Community prepares to celebrate canal heritage

9:00pm Tuesday 22nd April 2014

By Damian Fantato

A community heritage project based around Oxford Canal is set to culminate after months of preparations.

It is part of a major drive to get more visitors using the 222-year-old waterway through North Oxford.

Oxford City Canal Partnership has been given £65,000 of Heritage Lottery money for its project for an Oxford Canal Heritage Trail.

A Canal Heritage Day has been organised with a day of events at the Old Fire Station in George Street on Saturday, May 3, from 11.30am to 5pm.

Visitors will also be able to download a map and “audio trail” sound file to guide them through more than 200 years of history.

Project manager Maria Parsons has gathered old pictures of the canal and interviewed people who lived or worked on the canal.

These will be desposited at the Oxfordshire History Centre in Temple Road.

She said: “I am very pleased with the range of communities that have got involved in this project.

“There will be a PDF you can get from the website and there will be an audio trail.

“It will be a lovely illustrated canal guide with all the places of interest and the oral histories will be placed in the Oxford History Centre.”

Plays about the canal by county writers will be performed at Jericho’s St Barnabas Church, with author Philip Pullman choosing a winner.

She said: “My job will be over at that point, but I would hope that this is just the start of something.”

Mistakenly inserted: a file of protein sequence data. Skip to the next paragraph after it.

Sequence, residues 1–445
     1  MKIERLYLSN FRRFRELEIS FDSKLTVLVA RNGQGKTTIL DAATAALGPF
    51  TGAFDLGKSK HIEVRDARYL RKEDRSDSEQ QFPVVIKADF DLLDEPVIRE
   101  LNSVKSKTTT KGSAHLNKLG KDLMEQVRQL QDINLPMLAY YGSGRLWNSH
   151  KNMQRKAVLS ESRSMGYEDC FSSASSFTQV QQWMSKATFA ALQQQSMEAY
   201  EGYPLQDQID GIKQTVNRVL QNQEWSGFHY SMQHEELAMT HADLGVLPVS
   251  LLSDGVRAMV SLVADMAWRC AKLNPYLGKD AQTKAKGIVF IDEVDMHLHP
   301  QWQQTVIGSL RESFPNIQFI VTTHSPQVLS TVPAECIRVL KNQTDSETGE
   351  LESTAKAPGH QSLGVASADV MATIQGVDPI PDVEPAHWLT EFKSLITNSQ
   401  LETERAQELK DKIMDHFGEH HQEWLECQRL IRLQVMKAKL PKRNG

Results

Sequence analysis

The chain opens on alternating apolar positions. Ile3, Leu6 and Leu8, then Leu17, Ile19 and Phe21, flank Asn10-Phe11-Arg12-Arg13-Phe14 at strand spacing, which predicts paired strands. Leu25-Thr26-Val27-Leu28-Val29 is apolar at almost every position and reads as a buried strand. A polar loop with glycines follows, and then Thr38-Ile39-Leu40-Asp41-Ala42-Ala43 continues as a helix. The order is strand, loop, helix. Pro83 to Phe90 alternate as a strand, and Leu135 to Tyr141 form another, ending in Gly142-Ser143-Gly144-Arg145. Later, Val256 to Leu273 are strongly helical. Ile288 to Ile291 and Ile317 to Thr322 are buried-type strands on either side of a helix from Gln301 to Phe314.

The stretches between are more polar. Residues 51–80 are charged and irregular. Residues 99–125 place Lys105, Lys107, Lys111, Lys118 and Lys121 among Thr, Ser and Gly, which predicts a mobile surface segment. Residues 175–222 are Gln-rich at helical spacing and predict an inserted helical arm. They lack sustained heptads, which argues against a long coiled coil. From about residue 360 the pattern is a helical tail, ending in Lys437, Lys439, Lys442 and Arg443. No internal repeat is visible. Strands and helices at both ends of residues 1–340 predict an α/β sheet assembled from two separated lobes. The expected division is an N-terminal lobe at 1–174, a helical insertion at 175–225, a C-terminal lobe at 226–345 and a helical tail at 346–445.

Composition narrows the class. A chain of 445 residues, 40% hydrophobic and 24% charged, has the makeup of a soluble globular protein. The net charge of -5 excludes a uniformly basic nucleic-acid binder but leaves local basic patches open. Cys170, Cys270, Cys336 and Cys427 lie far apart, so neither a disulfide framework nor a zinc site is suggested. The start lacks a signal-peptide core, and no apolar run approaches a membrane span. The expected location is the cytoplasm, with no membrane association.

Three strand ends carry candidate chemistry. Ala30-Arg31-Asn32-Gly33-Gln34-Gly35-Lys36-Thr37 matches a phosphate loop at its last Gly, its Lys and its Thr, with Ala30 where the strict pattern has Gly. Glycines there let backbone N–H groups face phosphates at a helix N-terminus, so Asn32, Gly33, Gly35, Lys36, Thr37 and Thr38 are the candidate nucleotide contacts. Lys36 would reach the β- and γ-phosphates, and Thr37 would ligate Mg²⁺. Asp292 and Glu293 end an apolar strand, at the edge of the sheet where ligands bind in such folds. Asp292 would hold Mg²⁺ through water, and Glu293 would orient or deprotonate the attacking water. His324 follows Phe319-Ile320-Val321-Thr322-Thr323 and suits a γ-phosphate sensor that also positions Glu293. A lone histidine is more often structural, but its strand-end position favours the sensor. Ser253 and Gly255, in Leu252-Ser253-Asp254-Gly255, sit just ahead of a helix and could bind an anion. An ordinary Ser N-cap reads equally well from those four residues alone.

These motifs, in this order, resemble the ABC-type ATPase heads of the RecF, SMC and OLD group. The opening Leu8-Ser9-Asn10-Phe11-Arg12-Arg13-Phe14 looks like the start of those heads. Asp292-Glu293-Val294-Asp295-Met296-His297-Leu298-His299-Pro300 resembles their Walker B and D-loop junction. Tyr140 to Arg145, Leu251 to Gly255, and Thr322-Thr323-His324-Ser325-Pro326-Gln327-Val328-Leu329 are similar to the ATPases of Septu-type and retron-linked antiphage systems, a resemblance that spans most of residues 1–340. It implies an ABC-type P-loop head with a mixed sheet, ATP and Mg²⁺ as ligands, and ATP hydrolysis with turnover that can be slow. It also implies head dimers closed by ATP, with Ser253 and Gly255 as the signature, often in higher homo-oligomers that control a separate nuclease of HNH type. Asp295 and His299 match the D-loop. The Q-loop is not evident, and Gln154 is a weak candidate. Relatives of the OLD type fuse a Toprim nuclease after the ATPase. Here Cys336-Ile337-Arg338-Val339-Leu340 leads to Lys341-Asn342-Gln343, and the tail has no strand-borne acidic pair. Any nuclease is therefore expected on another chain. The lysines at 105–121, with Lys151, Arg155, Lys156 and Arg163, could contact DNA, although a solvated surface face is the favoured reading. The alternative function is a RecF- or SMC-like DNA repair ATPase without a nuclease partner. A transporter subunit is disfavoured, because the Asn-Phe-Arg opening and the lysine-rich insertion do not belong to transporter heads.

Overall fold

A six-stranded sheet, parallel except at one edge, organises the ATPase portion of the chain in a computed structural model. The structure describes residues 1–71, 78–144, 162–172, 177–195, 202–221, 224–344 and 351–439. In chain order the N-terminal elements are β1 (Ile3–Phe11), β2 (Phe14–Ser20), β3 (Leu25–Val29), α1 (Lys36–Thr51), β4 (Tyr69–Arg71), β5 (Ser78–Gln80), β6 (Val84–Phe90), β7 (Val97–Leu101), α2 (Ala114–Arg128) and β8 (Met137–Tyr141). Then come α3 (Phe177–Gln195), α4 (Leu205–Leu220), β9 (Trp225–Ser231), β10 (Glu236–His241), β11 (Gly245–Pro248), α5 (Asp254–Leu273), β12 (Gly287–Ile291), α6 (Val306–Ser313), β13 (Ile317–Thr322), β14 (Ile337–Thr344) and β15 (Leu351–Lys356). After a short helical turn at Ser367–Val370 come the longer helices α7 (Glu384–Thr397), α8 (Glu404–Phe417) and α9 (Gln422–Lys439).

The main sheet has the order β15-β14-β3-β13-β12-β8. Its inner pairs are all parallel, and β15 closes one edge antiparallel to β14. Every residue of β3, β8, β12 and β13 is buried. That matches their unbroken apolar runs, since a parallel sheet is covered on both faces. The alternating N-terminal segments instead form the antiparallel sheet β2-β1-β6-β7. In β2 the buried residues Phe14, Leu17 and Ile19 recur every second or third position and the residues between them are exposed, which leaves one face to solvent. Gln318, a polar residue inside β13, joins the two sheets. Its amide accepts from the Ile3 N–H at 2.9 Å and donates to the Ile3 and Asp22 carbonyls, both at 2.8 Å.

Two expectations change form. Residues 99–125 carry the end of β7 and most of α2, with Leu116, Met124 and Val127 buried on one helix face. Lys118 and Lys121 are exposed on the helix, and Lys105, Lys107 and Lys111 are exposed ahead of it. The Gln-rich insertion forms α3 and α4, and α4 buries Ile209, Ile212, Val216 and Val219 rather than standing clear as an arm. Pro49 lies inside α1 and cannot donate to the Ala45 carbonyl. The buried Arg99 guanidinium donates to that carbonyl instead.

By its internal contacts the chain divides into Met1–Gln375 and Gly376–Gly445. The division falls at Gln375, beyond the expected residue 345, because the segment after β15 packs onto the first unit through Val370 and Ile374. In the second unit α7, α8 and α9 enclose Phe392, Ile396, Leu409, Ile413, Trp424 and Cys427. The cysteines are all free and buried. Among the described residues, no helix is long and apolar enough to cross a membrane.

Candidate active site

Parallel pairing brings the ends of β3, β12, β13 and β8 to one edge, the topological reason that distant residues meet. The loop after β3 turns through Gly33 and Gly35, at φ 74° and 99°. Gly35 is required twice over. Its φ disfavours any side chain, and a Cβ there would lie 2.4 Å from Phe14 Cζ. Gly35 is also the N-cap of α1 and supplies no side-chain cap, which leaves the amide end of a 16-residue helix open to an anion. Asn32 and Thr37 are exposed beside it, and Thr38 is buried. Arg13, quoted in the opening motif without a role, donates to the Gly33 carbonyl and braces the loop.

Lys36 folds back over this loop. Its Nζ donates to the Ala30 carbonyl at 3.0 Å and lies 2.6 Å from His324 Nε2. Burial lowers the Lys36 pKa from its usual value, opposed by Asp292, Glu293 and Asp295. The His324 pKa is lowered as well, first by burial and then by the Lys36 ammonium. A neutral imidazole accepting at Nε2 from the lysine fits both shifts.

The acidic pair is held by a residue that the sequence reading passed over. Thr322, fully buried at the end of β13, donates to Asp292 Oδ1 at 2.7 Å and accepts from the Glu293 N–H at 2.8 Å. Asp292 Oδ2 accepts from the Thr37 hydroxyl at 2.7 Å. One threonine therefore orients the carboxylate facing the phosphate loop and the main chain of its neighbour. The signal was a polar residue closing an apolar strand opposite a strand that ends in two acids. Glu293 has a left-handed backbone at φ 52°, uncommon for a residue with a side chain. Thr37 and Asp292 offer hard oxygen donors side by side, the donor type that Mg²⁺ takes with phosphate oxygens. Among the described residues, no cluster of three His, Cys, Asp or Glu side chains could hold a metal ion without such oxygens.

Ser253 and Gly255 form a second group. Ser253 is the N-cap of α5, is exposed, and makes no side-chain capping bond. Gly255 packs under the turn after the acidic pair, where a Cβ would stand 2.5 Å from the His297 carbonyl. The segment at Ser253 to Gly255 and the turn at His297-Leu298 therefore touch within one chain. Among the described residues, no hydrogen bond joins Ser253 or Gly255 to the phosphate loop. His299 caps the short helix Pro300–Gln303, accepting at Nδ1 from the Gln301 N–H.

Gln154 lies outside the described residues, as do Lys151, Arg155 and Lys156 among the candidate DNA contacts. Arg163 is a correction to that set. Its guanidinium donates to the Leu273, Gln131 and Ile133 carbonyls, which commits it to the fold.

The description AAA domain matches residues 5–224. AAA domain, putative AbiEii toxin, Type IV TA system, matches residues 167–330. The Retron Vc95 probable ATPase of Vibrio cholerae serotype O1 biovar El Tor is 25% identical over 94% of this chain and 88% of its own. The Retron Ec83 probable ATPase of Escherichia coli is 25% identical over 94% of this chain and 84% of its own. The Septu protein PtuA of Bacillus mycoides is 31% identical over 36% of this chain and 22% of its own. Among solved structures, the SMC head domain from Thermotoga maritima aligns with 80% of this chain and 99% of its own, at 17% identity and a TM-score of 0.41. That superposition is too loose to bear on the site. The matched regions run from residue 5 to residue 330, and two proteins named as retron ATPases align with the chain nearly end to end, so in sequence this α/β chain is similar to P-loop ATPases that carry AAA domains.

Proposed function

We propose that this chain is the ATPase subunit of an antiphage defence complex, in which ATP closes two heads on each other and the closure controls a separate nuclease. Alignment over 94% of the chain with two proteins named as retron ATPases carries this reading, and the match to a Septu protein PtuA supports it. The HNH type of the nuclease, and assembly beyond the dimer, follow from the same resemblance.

It is hoped the project will draw more people to the three-and-a-half-mile stretch of canal that runs through the city.

This will lead from Hythe Bridge Street to Duke’s Lock, north of Wolvercote.

Tony Joyce, of the Jericho Living Heritage Trust, said: “It is proceeding very well.

“I think that for some time it has been realised that the heritage of the canal and the part that it can still play in the enjoyment of the city is something that could benefit from further publicity.”

The Oxford Canal opened in 1790 and became a key trade artery, but business declined as the railways grew in the mid-19th century.

Firms that used the canal included the former Wolvercote Paper Mill, Oxford University Press, Lucy’s ironworks in Jericho and breweries such as Oxford firm Morrells.

In the 1950s the poet Sir John Betjeman joined a campaign to save the canal from closure, which was successful when Minister for Transport Barbara Castle stepped in.


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